I bought my first video camera more than 30 years ago. I went for Hi8, a higher resolution version of Video8, as opposed to VHS or VHS-C which was also popular at the time. Since then I have switched device and formats several times. There was always the worry that I would lose access to my recordings as devices able to read the old media become obsolete or die or the recording media themselves fail from old age. Losing irreplaceable videos of our kids when they were little is something I really didn’t want to experience. Here is a short summary of how I have been dealing with these challenges.

Hi8 (PAL) – early 1990s
I bough my first camcorder when I still lived in Germany so naturally it used the PAL standard (625 scan lines, 50 Hz). I did a lot of analog video editing using an S-VHS VCR, which could interface to the camcorder using S-Video cables. Even after I moved to Japan which uses the NTSC standard (525 scan lines, 60 Hz) I kept recording in PAL. A Samsung multi-standard recorder allowed me to record from the camcorder to NTSC VHS tapes. I also bought a multi-standard analog TV that could display PAL, SECAM and NTSC. However, for many years I just collected the Hi8 PAL master tapes in a cardboard box.
Along came Digital8, a successor to Hi8 that as the name indicates used digital recording but was backwards compatible with Hi8 and could play the old tapes. So eventually, as Hi8 camcorders were already becoming obsolete, I bought a second hand one off eBay when I was visiting Germany. It had an IEEE 1394 (Fireware) connector that made it possible to copy digital video to a computer equipped with that interface. I experimented with PCs with plug-in IEEE 1394 cards, but ultimately it was a Mac mini that allowed me to copy the old Hi8 PAL tapes to a hard disc using the German Digital8 camcorder, a Firewire cable and iMovie which was bundled with macOS. The output files were “.dv” files. Some tapes were difficult to load and took many tries before the camcorder would even play them, but I was largely successful.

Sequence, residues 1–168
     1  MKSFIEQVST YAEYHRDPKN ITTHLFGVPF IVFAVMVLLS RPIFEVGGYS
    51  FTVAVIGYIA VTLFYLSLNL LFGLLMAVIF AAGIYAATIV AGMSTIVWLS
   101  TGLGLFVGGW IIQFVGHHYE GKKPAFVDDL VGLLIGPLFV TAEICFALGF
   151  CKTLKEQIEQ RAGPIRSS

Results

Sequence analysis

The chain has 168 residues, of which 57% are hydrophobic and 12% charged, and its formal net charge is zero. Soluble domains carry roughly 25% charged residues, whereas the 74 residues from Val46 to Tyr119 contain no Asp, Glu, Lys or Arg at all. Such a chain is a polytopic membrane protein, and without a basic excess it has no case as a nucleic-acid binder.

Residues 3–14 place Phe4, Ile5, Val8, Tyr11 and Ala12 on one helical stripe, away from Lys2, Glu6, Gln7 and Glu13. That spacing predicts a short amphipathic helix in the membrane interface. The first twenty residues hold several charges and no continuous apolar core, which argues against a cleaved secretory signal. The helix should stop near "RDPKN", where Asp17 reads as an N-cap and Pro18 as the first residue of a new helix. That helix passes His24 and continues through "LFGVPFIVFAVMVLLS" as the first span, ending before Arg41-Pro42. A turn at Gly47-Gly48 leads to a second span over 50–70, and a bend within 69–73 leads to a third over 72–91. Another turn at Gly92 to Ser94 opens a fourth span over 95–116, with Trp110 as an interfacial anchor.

Hi8 (NTSC) – late 1990s
When my kids started going to kindergarten I finally switched to a Japanese camcorder, still a Hi8 model but for the NTSC standard (US/Japan). Like with the PAL camcorder I saved all the tapes in a box. The Samsung multi-standard VCR developed issues and we bought a new S-VHS VCR equipped with a DVD drive. It supported DVD-R, DVD-RW and DVD-RAM, the latter with caddies (cartridges). It also supported S-Video. It was relatively easy to use the S-Video interface to copy from the Hi8 (NTSC) camcorder to double sided DVD-RAM media. About 2 hours of video would become one 4.2 GB file on DVD-RAM. I chose DVD RAM because it supposedly was more robust than DVD-RW (especially with the protective case), but as Blu-ray came along DVD-RAM became less and less common, with many DVD multi drives not supporting it any more. In 2008 and 2010 I made a stack of 6 double sided DVD RAM media that held video from 21 Hi8 NTSC tapes, but when the DVD section of the VCR died, I no longer had anywhere to play them.